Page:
A woman in a pants suit seat in a room covered with aluminum foil material

“The sky is falling! The sky is falling!” 

These famous words from the children’s fable hero, Chicken Licken, have probably entered a lot of our minds, along some variant or other, over the last nine months. I’ve definitely had my moments. Sometimes, as in Chicken Licken’s case, the only thing that has actually fallen is an acorn.

The sky is not falling. It never was. 

As someone who has suffered from anxiety for many years, I know what it feels like to have irrational thoughts. I am all too familiar with the panic-stricken conclusions that can be drawn up in the space of two seconds. I am aware of the feelings of shame and fear that so often come hand-in-hand with such thoughts and of the mental prison we often feel confined to. 

Because of this, I recognize equally the power and importance in rational thinking and asking questions. When I’m in a frightened headspace, allowing rational thought to enter my mental framework gives me the power to see past the anxiety. It allows me to gain the upper-hand on something that is trying to sprout fear and to see it for what it is—a lie. 

When I’m in a frightened headspace, allowing rational thought to enter my mental framework gives me the power to see past the anxiety.

This year has been a lot to handle. It has been overwhelming for a lot of people. For many, our paths have felt derailed and, in the confusion of trying to get back on track, we’ve cast immense doubt over ourselves. However, if we believe these doubts, then we will invite all sorts of anxieties into our consciousness. These thoughts will directly impact our behaviors, and our behaviors directly influence how we live our lives.

I’d rather not live a life where my fears get the better of me. It’s been important for me to recognize where change has been needed and to gently reframe aspects of my lifestyle. 

Being measured and restrained is counter-cultural, but there is something to slowing down and being intentional with what you consume each day. Anxiety thrives on irrational fears. So it’s important to protect your mind when you’re feeling emotionally vulnerable. Changing the dial on what you listen to or watch can recalibrate your internal dialogue. 

Being measured and restrained is counter-cultural.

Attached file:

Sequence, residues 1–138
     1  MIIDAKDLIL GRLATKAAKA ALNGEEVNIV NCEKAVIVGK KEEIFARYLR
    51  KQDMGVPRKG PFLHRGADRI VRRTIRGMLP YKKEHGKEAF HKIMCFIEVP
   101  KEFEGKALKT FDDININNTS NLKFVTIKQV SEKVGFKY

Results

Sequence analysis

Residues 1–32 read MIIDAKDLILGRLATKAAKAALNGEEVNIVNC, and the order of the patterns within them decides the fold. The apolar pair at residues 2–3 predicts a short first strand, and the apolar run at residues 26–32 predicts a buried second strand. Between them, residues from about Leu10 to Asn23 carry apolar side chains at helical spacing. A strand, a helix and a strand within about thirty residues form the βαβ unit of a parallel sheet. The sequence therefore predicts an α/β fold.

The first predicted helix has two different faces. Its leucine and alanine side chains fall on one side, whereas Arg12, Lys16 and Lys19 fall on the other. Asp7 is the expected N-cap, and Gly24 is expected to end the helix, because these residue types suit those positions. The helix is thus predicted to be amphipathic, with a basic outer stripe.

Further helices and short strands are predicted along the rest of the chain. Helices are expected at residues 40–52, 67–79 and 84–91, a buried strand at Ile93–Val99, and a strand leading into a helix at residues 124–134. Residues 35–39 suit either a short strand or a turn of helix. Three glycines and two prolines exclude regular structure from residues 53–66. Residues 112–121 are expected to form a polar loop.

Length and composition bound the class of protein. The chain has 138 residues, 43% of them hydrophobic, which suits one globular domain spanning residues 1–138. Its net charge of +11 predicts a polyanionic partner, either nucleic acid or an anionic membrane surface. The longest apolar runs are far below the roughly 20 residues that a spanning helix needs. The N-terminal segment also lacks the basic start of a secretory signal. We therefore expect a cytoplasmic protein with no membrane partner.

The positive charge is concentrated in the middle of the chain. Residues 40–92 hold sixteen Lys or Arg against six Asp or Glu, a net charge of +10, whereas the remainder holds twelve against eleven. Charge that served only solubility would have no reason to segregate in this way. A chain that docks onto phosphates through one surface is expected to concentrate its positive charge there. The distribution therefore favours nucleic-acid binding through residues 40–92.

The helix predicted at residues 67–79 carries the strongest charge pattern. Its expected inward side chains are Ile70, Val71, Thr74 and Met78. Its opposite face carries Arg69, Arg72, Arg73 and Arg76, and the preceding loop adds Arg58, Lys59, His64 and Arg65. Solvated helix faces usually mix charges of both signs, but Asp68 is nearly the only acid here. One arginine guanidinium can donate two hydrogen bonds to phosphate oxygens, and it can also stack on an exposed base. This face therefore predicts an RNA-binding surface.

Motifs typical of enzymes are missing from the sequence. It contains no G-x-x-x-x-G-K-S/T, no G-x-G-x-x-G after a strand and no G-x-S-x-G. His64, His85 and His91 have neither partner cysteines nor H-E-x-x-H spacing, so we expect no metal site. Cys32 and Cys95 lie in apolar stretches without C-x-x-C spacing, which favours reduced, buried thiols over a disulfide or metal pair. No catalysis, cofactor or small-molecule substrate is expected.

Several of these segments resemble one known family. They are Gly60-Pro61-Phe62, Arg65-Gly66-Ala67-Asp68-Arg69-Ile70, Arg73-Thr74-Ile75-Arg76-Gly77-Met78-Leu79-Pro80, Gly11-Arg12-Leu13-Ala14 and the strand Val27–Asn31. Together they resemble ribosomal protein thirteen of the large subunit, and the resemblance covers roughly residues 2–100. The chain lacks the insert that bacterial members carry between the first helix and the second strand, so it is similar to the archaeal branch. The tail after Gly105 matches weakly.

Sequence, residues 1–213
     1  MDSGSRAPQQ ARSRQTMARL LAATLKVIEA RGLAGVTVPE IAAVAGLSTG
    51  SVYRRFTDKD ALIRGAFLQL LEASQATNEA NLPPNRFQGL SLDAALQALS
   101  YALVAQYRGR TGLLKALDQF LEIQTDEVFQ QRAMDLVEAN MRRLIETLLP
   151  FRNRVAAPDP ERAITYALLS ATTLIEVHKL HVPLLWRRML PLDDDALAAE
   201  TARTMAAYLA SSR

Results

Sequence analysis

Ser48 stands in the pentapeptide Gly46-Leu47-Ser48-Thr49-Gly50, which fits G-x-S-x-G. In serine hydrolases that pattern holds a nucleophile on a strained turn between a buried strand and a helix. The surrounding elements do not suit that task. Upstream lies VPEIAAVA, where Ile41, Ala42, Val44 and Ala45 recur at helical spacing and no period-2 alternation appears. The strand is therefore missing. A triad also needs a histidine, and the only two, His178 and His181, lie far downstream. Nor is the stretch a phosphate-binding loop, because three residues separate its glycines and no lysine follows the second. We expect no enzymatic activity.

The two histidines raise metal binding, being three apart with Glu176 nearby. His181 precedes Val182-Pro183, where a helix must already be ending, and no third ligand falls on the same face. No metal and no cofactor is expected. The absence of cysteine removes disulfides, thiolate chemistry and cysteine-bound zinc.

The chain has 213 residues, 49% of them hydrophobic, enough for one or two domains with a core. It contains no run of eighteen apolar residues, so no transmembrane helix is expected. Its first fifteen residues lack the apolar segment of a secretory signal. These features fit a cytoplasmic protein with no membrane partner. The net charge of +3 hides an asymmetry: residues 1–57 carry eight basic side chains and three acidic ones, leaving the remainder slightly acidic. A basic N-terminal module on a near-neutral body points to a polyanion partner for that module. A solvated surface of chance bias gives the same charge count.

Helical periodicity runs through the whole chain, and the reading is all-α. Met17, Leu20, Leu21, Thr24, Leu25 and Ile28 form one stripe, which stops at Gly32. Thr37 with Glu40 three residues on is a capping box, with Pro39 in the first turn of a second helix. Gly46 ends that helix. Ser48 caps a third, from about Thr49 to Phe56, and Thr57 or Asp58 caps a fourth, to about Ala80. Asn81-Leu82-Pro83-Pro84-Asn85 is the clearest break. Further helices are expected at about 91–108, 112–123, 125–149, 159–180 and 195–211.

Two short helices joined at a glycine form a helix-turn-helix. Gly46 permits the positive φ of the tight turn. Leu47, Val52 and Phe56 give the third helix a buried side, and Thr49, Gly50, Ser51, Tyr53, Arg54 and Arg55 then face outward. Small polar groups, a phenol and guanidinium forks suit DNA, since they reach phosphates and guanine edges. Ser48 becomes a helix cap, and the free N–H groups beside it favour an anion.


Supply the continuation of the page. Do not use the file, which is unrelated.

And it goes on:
When you feel triggered or when you feel as though you have the potential to spiral, slow down. Slow yourself down physically. Go for a walk. Take slow and deliberate steps and be conscious of how you’re breathing. Once you slow yourself down on a practical and physical level, you create a space that is safe and one that helps you to meet your fears with rationality. 

Rational thinking doesn’t have to be academia. The simplest of questions can help force a rational reaction. Is this really happening to me or am I worried this might happen? Is this something I keep on worrying about even though I know the solution? Is this just a fear that I am projecting?

Determining whether or not a thought is fear-based will let you know if it is rational. If it is not rational thought, then it is a lie and not something to be entertained nor believed. Deciphering the truth can feel like an impossible task when you’re experiencing anxiety, but that’s why it’s important to practice habits that will train and prepare you for when you feel anxious. Knowing what is true will help you navigate irrational thoughts.

If it is not rational thought, then it is a lie and not something to be entertained nor believed.

Rational thinking is a gift. Truth is the superpower that destroys a lie. It’s important to know what the truth is so that when anxiety tries to get the better of you, you can meet it with measure and restraint, not with flapping wings and hysteria like our ill-fated Chicken Licken. 

When anxiety tells you that nobody likes you, you can list off your three close friends and your cat. When anxiety tells you that you are worthless, then you can tell it you are here for a reason. When anxiety tries to steal your hope for the future, then you can point to what inspires you and how far you’ve already come. 

What are you holding on to? If you take a moment to be still, give yourself time to figure out a few truths that exist in your life. There is truth in the love you have for others and that others have for you. There is truth in what you care about and in how you want to make a difference. There is truth in hope.

Truth is rational and is found through asking questions. Be curious. Don’t stop asking questions. Don’t stop seeking the truth, and don’t be afraid to challenge your fears along the way.

Have lies in your head ever led to irrational thinking? What truths can you remind yourself of when faced with irrational fears?

Image via Max Krutz, Darling Issue No. 22

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